On the other hand, I found this quiz where you can figure out what sort of American English you speak--whether or not you have a call center training acquired accent.

Your Linguistic Profile:
60% General American English
25% Yankee
5% Dixie
5% Upper Midwestern
0% Midwestern


Monday, November 20

Gen X, 16 years later

Sixteen years after its initial publication, Generation X grows up and hangs up the slacker ghost. Or as Christine Smallwood writes in the New York Observer, it is inevitable that the rebel becomes the very thing he despises:
Mr. Coupland was the anti-McInerney. He was the one who rebelled against the culture of consumption, who wrote about “real” things, authentic things, like girls in vintage dresses and finding yourself in the desert. He didn’t know about Bolivian marching nights in Manhattan or … whatever else it was that Mr. McInerney wrote about. Mr. Coupland is Canadian, after all: He liked nature and worried about the nuclear threat.
But now, Coupland sells Blackberries, hides in his own private island, all of which is kinda preppy. Perhaps your McJob can buy you nice things after all. In a weird turn of events, Kurt Cobain is now the highest earning dead celebrity, surpassing Elvis and Dr. Seuss. What's the sense of rebellion then?

Wednesday, November 15

On Beauty and Numbers

In an article for the Washington Post, David Von Drehle asserts that beauty might not really be in the eyes of the beholder, but more likely, it is something biologically hardwired in humans. There's something called The Golden Mean, a ratio of 1 is to 1.618 inches, or phi--that provides symmetry that is necessary to achieve beauty. This symmetry can be observed on Leonardo Da Vinci's sketch of a man with limbs extended, Michelangelo's David, the bust of Egyptian queen Nefertiti, in the architecture of human DNA, or even in those supermodels who grace the covers of magazines hawking beauty products. What's interesting is that beauty is somehow a mathematical progression, something actually quantifiable, when through the ages we've always believed that it is based on perception.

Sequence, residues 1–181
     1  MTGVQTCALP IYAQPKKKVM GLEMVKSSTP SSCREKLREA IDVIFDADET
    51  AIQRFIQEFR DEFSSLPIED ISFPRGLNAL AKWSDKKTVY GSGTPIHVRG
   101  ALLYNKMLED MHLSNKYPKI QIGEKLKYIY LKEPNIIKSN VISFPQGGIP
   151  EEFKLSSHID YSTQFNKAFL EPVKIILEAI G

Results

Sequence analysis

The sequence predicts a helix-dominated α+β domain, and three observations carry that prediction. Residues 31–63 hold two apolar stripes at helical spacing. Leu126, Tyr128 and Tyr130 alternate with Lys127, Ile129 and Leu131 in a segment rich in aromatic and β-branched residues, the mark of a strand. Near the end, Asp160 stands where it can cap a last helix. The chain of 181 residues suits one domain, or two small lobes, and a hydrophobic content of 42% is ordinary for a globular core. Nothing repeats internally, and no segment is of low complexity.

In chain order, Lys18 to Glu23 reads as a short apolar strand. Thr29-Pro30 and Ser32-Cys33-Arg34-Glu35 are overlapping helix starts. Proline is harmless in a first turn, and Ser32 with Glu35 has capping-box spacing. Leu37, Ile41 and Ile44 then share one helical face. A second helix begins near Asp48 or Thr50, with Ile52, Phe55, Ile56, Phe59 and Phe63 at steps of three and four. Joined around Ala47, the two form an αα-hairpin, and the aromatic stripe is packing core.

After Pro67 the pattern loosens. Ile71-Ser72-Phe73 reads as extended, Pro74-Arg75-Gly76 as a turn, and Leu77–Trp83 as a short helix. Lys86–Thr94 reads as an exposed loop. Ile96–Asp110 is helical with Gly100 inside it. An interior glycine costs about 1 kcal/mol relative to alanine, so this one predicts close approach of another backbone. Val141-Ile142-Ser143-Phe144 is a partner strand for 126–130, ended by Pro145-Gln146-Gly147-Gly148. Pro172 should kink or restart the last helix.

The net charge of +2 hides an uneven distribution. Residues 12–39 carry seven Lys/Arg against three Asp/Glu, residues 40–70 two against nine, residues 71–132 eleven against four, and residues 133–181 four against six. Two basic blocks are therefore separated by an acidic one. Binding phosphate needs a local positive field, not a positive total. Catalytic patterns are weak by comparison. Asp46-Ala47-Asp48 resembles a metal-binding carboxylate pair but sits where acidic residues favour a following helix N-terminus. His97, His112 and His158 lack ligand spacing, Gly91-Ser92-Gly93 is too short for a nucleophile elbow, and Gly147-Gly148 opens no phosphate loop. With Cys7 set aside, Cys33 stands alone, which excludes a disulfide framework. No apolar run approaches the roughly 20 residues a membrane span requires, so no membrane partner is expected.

Jack En Poy Extreme

A bunch of us were thinking of holding an Extreme Jackenpoy (aka Rock Paper Scissors) Challenge for the office party next month. It must be the easiest game there is: "Players smack their fists into their palms and count to three before making one of three hand signals: a fist (rock), flat hand (paper) or two fingers (scissors). Paper covers rock, scissors cut paper and rock breaks scissors." The game's origins is pretty much contestable, but it is generally believed that the game has been played for centuries in Japan. Even Ian Fleming's James Bond was made to play it in a movie set in samurai country.

Anyway, our plan was each participant will have a Php50 entrance and will have once chance to play. Winner of each set will compete with other winners until there's only one. But apparently, this is already old hat as the World RPS Championships were held last weekend in Toronto. There was a C$10,000 prize and hundreds of national champions flew in for the event.